Sunday, September 9, 2012

Reputational Risks Await Big Money

Investment management literature usually covers portfolio manager career risks gently. This is the risk of a managed portfolio in a current time frame under-performing an index, or for the more advanced managements, underperforming peers either by accepted asset classes or better yet, by well-chosen funds. As a natural defense against career risk, too many active managers dwell on short-term variations to the index and often hide out with a somewhat closet index portfolio. From a career standpoint this strategy works when correlations between securities are close.

Reputational risks are not a composite of career risks

Many large institutional accounts have an investment committee or a board to which portfolio managers report. My British friends who I expect to visit in October call these groups a collection of the “worthies.” Generally these worthy gentlemen and gentle ladies are retired from the investment, financial, and marketing fields. Somewhat naturally these people think of long-term as a period up to their retirement from these boards/committees. This is the first risk to the underlying institution:  that the relative light hand of this governance is shorter and often very much shorter than the institution’s planned life. For endowments and other immortal bodies, their investment life is way beyond that of the current portfolio manager and their team.

The risk of comfort

Many of the members of these investment committees are no longer in the business of finding new and different major investments. Much of their focus is on the macro concerns facing the world. Numerous members have had instant favorable reaction to the latest announced moves by the ECB to permit central banks to buy bonds with maturities of three years or less. If they dig into the matter they will see that this is a way for the governments to recapitalize the banks so they can write off the government and commercial loans to the countries and companies on the periphery of “Euroland.” Similarly the committees believe they know which way the German Constitutional Court will decide, the size and shape of the soft landing in China, and the results of key elections around the world, as well as knowing the impacts of these events on short and longer-term stock prices. The broader the subject, the greater comfort they have in setting policy. I find this point of view to be frightening.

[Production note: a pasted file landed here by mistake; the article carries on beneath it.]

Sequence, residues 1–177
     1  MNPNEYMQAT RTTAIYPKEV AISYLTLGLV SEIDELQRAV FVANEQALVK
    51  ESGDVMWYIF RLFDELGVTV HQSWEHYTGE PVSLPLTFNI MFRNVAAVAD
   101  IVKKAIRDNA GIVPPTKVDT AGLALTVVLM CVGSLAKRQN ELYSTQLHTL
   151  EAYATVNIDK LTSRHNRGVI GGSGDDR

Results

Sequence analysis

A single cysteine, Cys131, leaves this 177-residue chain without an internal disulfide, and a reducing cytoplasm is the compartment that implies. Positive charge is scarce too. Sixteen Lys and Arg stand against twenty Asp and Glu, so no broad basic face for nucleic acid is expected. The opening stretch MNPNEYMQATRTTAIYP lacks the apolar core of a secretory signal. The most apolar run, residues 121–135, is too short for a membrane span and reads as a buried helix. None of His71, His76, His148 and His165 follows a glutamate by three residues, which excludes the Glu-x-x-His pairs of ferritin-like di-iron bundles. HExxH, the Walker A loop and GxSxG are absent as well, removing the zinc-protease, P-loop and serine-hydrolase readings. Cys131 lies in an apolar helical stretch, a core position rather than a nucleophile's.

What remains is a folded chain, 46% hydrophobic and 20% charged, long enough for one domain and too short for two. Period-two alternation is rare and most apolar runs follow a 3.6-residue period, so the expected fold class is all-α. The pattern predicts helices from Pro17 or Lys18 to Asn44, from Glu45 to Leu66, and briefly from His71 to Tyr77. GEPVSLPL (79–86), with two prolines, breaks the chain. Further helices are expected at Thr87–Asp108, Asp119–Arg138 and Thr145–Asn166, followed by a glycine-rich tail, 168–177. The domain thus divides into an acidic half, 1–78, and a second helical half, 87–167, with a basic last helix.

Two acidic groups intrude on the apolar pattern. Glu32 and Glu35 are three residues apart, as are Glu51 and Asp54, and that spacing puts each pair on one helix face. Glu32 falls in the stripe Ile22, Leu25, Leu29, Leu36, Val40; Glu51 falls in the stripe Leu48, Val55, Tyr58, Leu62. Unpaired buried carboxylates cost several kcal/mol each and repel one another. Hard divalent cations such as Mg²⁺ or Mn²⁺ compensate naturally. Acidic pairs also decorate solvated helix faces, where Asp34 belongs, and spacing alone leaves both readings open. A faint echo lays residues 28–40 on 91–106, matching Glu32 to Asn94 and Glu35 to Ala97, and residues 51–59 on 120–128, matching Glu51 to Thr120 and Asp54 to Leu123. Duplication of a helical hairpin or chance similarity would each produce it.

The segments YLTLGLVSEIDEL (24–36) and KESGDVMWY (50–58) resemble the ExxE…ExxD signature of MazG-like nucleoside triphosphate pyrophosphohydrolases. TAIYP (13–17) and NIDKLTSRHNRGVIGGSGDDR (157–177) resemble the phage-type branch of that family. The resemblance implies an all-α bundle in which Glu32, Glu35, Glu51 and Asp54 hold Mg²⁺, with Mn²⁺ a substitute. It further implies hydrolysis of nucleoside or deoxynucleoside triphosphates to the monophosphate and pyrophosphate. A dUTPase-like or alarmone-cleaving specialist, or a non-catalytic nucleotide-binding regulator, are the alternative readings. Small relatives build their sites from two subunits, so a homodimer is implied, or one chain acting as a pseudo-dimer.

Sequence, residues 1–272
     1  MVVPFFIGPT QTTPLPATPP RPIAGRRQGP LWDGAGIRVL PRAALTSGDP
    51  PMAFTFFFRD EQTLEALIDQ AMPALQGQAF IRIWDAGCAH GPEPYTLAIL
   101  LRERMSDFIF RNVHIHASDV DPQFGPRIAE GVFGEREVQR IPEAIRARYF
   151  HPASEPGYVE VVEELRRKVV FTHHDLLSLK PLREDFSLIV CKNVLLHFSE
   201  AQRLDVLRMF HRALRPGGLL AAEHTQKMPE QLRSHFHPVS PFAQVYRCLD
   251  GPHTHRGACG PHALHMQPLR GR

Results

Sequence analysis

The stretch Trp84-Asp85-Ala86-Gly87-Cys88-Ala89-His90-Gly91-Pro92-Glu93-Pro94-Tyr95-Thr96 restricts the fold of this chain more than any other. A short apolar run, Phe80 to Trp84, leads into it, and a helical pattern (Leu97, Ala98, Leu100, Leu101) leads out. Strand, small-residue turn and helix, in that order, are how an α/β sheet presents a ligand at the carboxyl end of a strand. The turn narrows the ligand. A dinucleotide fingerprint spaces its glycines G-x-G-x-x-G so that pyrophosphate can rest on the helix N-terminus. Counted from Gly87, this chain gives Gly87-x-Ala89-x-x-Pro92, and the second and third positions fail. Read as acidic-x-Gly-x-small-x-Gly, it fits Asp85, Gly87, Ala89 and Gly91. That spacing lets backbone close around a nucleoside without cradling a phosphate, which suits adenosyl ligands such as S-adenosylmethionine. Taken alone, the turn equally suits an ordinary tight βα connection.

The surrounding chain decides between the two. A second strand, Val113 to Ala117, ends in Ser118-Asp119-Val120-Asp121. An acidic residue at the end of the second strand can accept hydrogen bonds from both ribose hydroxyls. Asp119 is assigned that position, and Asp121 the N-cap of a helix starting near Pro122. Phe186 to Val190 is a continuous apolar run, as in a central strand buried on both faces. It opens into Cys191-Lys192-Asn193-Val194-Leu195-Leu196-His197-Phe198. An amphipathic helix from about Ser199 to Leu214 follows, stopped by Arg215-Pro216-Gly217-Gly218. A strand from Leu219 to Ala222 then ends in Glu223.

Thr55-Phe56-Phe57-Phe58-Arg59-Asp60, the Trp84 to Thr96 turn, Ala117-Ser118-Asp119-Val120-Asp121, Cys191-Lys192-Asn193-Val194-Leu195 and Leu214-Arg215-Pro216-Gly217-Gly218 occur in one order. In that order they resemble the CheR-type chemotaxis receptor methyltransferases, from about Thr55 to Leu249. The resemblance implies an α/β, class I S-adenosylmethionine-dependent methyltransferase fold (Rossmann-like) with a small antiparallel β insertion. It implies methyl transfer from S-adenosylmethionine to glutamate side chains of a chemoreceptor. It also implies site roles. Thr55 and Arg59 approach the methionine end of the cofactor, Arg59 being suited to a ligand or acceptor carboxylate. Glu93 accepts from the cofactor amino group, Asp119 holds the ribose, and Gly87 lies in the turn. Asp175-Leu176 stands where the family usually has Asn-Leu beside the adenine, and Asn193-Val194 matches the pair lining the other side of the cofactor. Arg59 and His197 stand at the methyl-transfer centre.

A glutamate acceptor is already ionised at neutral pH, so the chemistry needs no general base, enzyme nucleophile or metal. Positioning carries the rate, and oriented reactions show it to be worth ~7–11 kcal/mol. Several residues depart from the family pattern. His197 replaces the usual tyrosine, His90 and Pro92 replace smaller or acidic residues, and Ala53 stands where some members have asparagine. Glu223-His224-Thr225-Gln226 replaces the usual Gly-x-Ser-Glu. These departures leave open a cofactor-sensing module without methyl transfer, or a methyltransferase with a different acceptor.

Many of the brightest minds in the hedge fund world manage “Macro Funds.” A study of these hedge funds (which have little in the way of constraints) shows how few of them have a consistent long-term record of success. In various investment committees, too much time is spent on macro judgments, which in my opinion have little chance of being meaningfully correct.

The historical trap

Investors in general and most investment committees present their views in the context of historical performance. A given number is larger or smaller than another number and that defines good or bad. As someone who for many years sold relative performance to fund groups and their directors around the world, I have often stated that performance analysis did not supply answers, but was a good place to start a dialog of questions. Many committees treat poor performance as the reason to fire a manager, without any understanding as to what caused the variation. Every good manager with a long-term record has had an uncomfortable number of periods with sub-par performance. I attempt to understand the nature of investment mistakes. Often such errors are result of making poor personality judgments on managements. Other times it is a premature or faulty choice on new product/services, sometimes it is getting out of step with a major macro change, and at times it is sloppy financial analysis. Good managers learn from their mistakes and don’t often repeat them. If one studies the cyclicality of performance, one of the best times to buy into a manager is after a period of poor results. Thus firing a manager with “poor performance” as the only explanation is probably an early sign of institutional reputational risk. 

The biggest risk is extrapolation